Human Impacts—Local Habitat Assessment

Summary: Students explore their schoolyard or other local site to determine how human activity may have impacts on animal habitats, animal populations, and/or plant populations.

Concepts to teach: Habitat, adaptation, scientific inquiry, erosion, invasive species

Goals: Students will apply their knowledge about land use to their local outdoor site, and assess the real or potential impact of human land use on native species.

S6.3S1, S6.3S2
S7.3S1, S7.3S2
S8.3S1, S8.3S2

Specific Objectives:

  1. Categorize components of a local land area based on the degree to which the land is in a natural or disturbed state.
  2. Determine the habitat requirements for a local species found on the site.
  3. Collect field data that relates species abundance to habitat type.

Activity Links and Resources:

  • Refer to studies of habitats in the Coastal Ecology and Ecosystems Module: Macrointertebrate Topic Guide
  • Habitat Inquiry—Students conduct a simple experiment that relates habitat type to species abundance in the school yard.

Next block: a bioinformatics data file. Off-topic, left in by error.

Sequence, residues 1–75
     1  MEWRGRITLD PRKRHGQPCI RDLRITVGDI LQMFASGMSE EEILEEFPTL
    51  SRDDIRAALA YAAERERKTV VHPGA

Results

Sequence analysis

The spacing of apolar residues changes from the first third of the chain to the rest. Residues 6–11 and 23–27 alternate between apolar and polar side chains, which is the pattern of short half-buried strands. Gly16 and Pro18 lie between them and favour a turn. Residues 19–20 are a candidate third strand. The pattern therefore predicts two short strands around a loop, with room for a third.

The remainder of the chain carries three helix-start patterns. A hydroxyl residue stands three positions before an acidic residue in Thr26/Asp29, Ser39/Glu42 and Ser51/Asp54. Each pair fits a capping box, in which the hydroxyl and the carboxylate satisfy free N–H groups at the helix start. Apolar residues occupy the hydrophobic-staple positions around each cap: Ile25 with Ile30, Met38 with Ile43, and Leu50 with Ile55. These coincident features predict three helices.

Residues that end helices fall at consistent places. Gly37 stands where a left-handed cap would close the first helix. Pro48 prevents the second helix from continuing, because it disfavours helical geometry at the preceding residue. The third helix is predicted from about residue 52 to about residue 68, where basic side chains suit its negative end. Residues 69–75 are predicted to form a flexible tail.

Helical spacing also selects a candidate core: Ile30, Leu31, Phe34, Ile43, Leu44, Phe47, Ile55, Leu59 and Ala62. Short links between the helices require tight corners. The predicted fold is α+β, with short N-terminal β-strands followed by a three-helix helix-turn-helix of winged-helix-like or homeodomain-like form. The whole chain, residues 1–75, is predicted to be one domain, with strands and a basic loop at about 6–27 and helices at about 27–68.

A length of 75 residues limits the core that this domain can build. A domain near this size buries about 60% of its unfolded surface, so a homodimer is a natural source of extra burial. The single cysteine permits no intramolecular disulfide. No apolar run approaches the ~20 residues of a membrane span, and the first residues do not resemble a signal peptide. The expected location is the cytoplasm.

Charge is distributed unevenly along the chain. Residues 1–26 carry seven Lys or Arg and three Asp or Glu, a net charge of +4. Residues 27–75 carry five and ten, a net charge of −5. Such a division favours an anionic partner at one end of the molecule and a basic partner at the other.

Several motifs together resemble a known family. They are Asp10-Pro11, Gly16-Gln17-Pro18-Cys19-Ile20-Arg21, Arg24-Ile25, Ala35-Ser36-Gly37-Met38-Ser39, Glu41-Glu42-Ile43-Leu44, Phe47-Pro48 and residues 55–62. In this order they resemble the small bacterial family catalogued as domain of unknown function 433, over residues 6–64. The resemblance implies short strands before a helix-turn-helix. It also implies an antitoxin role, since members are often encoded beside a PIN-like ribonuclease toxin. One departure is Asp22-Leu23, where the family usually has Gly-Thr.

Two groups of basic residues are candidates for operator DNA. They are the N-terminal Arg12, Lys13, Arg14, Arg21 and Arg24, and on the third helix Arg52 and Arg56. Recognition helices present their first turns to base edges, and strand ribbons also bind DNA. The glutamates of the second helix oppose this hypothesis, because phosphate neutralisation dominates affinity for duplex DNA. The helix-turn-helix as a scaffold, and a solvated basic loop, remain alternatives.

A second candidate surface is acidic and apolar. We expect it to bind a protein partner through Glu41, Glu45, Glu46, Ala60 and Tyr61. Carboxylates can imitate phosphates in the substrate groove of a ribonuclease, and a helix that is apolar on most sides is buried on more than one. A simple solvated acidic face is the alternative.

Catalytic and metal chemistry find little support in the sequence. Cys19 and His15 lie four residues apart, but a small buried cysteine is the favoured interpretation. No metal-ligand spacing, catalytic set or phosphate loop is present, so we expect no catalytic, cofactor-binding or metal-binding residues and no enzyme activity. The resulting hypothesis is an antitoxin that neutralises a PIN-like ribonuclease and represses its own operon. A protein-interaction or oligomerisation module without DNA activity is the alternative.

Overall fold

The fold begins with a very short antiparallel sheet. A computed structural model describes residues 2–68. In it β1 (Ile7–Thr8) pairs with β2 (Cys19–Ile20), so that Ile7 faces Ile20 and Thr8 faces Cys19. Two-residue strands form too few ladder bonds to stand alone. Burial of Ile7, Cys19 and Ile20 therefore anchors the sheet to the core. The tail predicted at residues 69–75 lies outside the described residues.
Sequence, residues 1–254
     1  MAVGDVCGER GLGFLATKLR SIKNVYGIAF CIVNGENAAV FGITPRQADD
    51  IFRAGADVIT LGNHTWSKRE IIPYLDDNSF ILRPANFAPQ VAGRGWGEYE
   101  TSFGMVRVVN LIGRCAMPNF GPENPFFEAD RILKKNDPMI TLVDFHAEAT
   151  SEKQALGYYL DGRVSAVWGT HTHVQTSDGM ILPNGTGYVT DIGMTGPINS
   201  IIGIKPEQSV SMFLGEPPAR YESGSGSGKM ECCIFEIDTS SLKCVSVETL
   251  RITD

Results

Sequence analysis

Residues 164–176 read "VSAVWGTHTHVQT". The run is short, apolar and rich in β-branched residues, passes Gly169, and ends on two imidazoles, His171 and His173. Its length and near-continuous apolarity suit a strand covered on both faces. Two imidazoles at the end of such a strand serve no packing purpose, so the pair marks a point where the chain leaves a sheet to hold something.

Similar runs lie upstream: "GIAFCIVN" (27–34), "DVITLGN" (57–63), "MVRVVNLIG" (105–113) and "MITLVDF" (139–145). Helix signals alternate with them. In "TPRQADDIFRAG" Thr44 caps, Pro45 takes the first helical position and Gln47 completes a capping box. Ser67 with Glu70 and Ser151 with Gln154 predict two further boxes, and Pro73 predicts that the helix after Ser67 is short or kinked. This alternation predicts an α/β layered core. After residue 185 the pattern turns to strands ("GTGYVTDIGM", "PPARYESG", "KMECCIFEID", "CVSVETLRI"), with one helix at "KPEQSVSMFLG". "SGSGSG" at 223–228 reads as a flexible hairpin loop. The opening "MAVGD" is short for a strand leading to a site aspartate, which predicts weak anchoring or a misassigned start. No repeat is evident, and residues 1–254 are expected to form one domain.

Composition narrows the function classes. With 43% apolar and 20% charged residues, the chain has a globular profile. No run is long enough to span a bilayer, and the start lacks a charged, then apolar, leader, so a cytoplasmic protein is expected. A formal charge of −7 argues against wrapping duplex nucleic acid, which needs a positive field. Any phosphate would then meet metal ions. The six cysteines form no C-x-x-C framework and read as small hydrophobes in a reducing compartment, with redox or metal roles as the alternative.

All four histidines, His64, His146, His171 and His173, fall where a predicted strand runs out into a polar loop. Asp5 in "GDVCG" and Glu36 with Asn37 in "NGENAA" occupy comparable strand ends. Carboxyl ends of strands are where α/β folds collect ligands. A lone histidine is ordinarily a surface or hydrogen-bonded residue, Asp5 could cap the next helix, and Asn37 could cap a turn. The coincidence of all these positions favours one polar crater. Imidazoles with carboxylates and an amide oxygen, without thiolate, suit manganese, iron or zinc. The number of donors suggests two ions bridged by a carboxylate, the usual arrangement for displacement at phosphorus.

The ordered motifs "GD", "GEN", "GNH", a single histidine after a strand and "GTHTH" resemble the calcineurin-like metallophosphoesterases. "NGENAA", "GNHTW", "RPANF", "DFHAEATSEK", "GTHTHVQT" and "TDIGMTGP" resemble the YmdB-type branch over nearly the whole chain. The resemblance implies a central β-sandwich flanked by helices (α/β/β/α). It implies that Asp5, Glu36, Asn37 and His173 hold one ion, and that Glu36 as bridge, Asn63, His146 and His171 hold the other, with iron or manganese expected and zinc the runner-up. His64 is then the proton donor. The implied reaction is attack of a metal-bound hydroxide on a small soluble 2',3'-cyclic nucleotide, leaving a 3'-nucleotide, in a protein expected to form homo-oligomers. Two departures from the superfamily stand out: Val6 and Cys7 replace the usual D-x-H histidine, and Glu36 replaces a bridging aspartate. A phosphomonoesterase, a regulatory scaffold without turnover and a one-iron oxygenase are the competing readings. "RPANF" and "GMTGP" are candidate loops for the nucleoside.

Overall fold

• Use historic maps, photographs, and interviews with community elders and other experts to determine local changes that have occurred to the site over time.
  • Oregon Coast Quests
    • Yaquina Head Tale of Two Hills Quest—This self-guided place-based activity located in Newport tells the story of land use changes at Yaquina Head over 100 years. Featured human impacts include burning, livestock grazing, rock quarrying, golfing, residential development, and modern electrical towers.
    • Make a Quest or other interpretive guide that features the human impacts that students have identified in their local field site.


  • Use or develop formative assessment probes to gauge student understanding about the water cycle. The following probes from Uncovering Student Ideas in Science, vol. 2 could be applied or modified (to obtain Uncovering Student Ideas in Science publications or access sample chapters, visit the NSTA website):
    • Habitat Change—explores student understanding of how animal populations are affected when habitats are changed.
  • Probe: Rain on the Parking Lot—the purpose of this OCEP probe is to elicit students’ ideas about how rainwater interacts with impervious surfaces.
  • Select an organism living in the study site and identify its habitat requirements.